If you have so far managed to deny yourself the aesthetic pleasure that are the novels of John Hawkes, Dan Green’s essay in The Critical Flame gives you just the chance to indulge. As Dan writes:
Those readers who are willing to devote some time to Hawkes’s work, and to judge the novels on their own terms — since Hawkes himself devoted much effort to establishing those terms — would sure find it a rewarding, if at times also rather disquieting, experience. And although appreciation of Hawkes’s achievement can’t finally rest in singling out his “best” or most “representative” novel, it is possible to focus first on a particularly dynamic period in Hawkes’s career, a period in which Hawkes produced several novels that both illustrate his inveterate experimentation and stand on their own as satisfying works of literary art. The set of novels beginning with The Lime Twig (1961) and including Second Skin (1964), The Blood Oranges (1971), and Travesty (1976) could serve as the foundation of a revival of interest in Hawkes’s fiction. Each of them succeeds in redeeming the ambitions of experimental fiction, while, together, they are as impressive a group of books as any written by a postwar writer.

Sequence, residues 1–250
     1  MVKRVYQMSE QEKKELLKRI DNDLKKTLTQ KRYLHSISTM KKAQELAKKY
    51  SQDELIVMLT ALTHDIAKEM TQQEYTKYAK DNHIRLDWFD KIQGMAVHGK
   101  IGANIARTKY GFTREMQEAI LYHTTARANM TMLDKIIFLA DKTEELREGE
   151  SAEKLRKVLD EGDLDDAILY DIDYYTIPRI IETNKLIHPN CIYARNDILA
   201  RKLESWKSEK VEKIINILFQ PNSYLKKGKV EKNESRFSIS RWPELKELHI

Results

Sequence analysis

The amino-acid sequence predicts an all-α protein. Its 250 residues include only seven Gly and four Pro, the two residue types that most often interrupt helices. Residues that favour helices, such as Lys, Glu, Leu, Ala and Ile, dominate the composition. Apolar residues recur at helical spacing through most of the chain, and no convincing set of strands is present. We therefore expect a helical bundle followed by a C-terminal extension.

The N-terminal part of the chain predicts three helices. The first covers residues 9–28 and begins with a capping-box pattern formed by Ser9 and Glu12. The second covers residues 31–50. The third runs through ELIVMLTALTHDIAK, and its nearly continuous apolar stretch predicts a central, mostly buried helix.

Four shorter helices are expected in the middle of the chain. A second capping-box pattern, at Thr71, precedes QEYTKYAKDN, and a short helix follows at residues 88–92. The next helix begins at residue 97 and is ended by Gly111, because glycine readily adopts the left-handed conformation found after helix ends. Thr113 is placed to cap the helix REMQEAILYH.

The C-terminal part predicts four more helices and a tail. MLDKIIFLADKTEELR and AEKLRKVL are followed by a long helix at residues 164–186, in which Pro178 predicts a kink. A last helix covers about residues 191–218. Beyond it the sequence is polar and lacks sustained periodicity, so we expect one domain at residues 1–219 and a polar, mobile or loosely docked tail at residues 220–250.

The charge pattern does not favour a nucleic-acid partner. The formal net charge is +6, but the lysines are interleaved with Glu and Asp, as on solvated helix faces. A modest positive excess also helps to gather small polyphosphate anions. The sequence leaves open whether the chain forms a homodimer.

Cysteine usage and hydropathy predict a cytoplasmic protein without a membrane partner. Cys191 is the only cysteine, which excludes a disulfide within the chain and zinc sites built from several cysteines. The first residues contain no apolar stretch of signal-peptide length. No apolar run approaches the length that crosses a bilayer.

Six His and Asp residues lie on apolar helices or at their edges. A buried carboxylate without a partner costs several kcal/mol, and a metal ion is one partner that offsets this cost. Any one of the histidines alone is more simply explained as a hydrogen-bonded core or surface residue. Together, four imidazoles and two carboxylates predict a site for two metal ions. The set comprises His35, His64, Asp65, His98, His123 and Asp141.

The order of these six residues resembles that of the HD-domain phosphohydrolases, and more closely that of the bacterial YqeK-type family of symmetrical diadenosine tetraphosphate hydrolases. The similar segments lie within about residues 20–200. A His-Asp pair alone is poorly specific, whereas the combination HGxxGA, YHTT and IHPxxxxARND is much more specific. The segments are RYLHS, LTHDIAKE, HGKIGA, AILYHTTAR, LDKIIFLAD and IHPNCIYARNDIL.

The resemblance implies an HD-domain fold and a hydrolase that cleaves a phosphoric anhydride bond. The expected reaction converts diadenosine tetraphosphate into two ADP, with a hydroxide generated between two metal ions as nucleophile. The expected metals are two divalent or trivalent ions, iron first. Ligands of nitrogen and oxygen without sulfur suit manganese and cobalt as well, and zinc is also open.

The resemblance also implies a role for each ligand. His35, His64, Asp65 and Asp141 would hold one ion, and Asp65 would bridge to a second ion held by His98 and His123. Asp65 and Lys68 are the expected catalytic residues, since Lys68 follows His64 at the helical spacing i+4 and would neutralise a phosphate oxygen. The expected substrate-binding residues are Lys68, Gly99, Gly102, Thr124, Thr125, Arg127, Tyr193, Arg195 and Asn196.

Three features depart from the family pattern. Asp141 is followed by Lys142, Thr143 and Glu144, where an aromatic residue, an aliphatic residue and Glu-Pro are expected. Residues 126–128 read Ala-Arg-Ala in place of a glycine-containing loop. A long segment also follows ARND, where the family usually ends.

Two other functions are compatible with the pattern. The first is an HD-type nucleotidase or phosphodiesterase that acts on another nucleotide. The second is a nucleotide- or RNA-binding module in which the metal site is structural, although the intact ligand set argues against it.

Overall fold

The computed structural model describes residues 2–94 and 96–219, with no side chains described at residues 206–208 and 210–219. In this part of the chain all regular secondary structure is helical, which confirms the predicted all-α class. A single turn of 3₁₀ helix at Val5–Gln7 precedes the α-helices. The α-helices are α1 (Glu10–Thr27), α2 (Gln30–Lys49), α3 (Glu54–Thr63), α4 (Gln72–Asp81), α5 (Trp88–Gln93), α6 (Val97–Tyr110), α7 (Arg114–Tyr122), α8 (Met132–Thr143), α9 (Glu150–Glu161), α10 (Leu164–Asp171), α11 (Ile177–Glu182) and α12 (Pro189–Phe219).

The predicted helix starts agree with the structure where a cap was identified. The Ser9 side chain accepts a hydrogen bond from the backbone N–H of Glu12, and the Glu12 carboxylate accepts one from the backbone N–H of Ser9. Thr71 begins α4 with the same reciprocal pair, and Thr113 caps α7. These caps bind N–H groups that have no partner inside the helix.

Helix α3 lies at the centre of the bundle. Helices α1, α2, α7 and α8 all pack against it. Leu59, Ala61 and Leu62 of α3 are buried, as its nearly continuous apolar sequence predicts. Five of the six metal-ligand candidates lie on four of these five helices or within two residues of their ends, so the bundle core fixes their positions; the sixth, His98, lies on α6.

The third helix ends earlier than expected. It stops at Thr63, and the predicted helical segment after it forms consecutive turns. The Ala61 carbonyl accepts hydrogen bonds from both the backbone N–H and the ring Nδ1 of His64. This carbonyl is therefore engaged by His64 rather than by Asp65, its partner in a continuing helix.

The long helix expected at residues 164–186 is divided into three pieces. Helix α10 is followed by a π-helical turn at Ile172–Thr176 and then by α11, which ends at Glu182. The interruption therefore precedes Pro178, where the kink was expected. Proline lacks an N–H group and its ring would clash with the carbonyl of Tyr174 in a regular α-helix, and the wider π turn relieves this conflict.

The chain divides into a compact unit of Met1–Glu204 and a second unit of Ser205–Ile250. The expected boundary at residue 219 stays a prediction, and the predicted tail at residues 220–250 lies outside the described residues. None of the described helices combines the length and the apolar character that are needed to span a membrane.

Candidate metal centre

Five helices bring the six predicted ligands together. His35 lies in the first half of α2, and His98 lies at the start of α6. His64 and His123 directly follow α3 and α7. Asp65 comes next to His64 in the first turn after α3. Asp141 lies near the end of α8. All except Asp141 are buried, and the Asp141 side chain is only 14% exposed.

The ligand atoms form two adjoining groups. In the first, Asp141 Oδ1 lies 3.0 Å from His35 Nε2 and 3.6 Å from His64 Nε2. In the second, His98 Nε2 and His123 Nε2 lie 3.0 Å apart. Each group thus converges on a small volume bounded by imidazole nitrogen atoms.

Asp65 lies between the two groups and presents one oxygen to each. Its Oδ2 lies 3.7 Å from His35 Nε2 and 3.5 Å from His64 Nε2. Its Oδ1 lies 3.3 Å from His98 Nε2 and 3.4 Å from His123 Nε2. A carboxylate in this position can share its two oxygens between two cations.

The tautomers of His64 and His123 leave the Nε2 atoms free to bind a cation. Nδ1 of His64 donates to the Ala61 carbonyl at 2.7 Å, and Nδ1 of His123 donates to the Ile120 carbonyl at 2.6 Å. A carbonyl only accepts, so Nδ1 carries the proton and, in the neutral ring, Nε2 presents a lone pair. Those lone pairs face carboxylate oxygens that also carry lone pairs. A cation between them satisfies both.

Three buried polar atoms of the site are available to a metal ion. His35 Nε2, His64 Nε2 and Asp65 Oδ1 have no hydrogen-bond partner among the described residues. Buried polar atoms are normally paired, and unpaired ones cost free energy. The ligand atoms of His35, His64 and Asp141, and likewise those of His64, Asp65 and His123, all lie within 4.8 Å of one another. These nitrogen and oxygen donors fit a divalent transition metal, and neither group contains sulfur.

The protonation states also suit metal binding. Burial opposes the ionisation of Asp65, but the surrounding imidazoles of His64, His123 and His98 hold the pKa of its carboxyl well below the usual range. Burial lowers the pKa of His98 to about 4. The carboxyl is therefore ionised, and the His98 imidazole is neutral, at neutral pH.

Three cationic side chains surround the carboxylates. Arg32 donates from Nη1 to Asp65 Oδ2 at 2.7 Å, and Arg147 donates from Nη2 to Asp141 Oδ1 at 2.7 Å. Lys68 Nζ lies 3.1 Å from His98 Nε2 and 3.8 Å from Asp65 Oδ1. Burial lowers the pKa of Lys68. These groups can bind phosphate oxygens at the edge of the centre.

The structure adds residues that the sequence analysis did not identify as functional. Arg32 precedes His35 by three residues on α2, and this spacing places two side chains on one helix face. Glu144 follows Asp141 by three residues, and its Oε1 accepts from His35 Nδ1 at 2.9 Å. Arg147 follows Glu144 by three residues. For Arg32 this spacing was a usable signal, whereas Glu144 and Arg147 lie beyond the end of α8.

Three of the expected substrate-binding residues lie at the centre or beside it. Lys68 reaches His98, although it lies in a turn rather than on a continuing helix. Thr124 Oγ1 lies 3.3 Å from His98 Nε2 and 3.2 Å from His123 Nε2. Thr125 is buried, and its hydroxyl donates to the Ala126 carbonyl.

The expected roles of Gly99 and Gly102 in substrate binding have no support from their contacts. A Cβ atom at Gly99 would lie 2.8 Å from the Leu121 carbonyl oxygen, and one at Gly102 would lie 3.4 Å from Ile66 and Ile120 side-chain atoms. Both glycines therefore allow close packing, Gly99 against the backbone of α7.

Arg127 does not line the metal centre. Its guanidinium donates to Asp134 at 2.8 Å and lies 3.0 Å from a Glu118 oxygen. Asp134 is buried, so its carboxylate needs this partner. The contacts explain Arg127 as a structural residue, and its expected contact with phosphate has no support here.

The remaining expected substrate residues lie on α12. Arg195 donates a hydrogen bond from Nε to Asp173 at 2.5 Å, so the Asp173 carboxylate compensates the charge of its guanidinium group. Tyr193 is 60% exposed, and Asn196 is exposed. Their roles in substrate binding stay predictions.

Among the many, many insights that Dan purveys in this essay, I was struck by this one, which gets at the heart of why the violence in The Lime Twig is so, well, violent:
But then, ultimately, Hawkes wants us to find the motivations of the characters obscure if not absent. As in The Lime Twig, the violence and cruelty exhibited is all the more disturbing because motives can’t be discerned and thus don’t explain the outbreak and intensity of violent behavior. Hawkes’s vision is of a world punctuated by violence and cruelty, and Skipper’s unreliable, unforthcoming narrative is what gives this vision in Second Skin its disconcerting power.
I would go even farther than that–the violence seems so fundamentally unnecessary. Not only are the motives tough to imagine, there are few clues to the fact that one of the book’s main characters is about to be murdered in cold blood. It just happens, absurdly, cruelly, finally. And that, I would wager, is in the end what is most disconcerting and most realistic about it.